The story was originally posted on Vectorly blog
GET FREE EBOOK - How to deal with developer burnout.
When it comes to burnout, nobody’s safe. Sure, working in tech comes with plenty of perks. The pay is good. The job is rewarding and there is always room for growth. It’s a low-risk high-reward type of deal. But, when it comes to fast-paced working environments, there are always some inherent dangers in the emotional wellbeing department. And it seems that developers, programmers, and software engineers are at a higher risk of burning out than those working in some other industries.
In this article, you will learn the specifics of developer burnout and how to spot the first signs.
The concept of workplace burnout was initially put forward by the German-born American psychologist Herbert Freudenberger, in 1974. He conducted a series of studies on his own colleagues and described a set of burnout symptoms and patterns related to chronic workplace stress. As it turns out, the more dedicated and committed employees are at a higher risk of burnout, due to a higher degree of emotional investment in their work. And while personality surely plays a role, burnout is always linked to the chronic stress related to working conditions.
The word “chronic” is the key. While software development is challenging, it hardly compares to law, medicine, or military professions in terms of stress levels. The difference is, there are little to no boundaries to limit the stress in software engineering. Deadlines are often idealistic and set specifically to increase the pressure and make the team work faster. Directions can be unclear and often shift mid-crunch. Clients and managers can be notoriously impatient or ungrateful. Developers exist in a perpetual state of aiming at a moving target — the tech changes rapidly and there is a lot of competition and peer pressure. These are just a few things a good manager needs to be aware of.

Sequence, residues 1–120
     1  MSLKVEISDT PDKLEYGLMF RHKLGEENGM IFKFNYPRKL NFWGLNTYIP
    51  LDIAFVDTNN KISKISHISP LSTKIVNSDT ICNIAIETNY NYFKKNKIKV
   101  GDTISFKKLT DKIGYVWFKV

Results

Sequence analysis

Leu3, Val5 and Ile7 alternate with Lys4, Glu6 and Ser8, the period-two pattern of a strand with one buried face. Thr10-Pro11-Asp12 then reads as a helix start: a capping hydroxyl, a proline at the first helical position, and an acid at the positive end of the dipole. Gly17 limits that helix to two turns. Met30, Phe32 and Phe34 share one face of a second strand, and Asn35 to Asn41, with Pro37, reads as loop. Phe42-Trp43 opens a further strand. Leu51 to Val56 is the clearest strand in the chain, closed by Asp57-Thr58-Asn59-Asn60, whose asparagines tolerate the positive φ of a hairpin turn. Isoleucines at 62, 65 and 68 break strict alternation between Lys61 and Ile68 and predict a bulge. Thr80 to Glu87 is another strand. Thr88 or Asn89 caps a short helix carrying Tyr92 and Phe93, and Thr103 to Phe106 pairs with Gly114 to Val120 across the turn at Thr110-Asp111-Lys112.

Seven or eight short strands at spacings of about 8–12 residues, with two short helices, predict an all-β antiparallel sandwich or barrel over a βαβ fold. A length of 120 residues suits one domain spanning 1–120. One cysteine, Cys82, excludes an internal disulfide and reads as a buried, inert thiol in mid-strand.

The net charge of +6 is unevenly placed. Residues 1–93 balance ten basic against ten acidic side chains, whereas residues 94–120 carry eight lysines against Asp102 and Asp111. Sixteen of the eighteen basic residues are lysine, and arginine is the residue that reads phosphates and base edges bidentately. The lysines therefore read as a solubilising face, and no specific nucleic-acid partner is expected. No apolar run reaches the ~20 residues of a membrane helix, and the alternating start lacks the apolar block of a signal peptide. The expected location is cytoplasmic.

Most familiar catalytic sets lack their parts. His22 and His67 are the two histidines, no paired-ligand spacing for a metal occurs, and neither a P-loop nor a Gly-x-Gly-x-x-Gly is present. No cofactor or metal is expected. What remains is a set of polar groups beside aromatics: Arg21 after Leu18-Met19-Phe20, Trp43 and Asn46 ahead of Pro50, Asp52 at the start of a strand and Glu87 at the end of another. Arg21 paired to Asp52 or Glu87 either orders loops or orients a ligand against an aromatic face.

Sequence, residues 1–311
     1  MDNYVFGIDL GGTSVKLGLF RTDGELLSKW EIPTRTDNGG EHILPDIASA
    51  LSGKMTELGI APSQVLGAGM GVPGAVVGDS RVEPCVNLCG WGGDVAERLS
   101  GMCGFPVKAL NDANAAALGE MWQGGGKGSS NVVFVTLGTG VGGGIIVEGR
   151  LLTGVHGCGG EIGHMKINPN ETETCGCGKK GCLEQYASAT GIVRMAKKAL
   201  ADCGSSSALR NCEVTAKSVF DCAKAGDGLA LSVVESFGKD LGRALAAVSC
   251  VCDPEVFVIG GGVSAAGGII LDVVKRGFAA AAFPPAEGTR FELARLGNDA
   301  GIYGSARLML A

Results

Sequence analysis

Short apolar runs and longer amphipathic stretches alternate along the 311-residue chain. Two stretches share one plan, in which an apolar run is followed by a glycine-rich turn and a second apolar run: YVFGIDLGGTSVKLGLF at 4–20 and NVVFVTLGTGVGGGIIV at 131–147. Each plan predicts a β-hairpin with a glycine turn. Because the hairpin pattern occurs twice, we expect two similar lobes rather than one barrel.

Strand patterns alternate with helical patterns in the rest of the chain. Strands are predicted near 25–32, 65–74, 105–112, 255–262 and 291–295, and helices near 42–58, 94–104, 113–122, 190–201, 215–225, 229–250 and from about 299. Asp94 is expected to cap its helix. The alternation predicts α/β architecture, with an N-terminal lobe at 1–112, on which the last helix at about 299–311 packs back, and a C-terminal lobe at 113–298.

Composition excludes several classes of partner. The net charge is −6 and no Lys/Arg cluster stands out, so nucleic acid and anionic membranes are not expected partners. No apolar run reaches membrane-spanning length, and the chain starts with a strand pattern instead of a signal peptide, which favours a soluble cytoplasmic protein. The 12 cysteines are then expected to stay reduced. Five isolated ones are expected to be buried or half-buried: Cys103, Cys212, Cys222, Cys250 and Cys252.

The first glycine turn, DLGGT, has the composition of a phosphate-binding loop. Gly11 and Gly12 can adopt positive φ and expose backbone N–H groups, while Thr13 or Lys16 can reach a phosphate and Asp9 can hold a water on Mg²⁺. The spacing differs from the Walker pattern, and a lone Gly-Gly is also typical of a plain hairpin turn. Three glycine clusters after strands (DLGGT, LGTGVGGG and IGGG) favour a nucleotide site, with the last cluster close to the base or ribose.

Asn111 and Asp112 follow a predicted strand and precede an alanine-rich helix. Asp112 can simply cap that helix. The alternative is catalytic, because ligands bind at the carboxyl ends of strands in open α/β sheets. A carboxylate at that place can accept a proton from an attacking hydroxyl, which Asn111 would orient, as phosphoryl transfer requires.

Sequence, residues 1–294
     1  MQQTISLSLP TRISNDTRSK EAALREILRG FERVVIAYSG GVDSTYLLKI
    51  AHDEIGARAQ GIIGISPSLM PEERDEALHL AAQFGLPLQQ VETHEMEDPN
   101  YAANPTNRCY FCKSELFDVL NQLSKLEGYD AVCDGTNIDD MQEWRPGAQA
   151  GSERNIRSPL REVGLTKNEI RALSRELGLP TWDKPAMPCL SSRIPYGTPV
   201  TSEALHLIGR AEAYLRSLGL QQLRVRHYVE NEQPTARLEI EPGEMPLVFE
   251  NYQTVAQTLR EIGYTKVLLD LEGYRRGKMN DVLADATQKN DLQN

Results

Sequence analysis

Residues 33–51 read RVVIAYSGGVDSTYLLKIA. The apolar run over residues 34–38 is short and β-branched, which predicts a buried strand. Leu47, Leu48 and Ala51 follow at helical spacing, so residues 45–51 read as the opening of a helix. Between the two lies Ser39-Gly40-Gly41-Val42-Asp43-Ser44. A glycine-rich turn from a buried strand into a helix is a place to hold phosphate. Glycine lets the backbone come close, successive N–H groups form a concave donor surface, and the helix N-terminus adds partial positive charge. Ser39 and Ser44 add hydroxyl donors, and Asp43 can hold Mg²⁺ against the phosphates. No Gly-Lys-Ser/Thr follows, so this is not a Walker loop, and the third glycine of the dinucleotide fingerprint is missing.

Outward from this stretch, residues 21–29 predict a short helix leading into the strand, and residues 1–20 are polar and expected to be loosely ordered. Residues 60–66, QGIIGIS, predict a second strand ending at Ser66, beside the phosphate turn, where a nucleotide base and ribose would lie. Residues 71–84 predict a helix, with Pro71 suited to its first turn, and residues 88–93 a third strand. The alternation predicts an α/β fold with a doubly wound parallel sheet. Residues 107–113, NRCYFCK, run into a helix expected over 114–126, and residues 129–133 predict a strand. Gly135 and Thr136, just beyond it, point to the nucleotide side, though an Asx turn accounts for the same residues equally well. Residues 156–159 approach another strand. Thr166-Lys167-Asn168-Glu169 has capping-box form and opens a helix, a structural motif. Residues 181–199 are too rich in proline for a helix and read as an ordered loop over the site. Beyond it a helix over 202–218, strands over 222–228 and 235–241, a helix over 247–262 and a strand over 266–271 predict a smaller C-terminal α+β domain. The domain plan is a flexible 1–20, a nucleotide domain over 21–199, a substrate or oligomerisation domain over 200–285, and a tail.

Managing a team is not just about deadlines and KPIs. As tempting as it might be to delegate your employees’ wellbeing to the HR people, a good manager will never do that, since their team’s joy and passion are their most important metrics. If left unchecked, poor physical and mental state doesn’t just cause degraded performance. The work environment itself can suffer, leading to more negativity, cynicism and even developer depression. Motivation drops and the developers start to do the least amount of work required to meet the deadline. Ultimately, with no sense of accomplishment comes a decrease in work satisfaction.
Next thing you know, people are resigning left and right or taking sick leave just to preserve their sanity. This leaves the team understaffed, and the remaining developers, who are often the top performers, suffering even more.
The cruel irony of developer burnout is that the most dedicated, productive, and emotionally invested employees, the fabled 20%, are at the highest risk of burning out. You know, the overachieving types. The coders and programmers who push the hardest and always put in the extra effort. As soon as that extra effort appears to go unnoticed, these employees might begin to feel like their work doesn’t matter.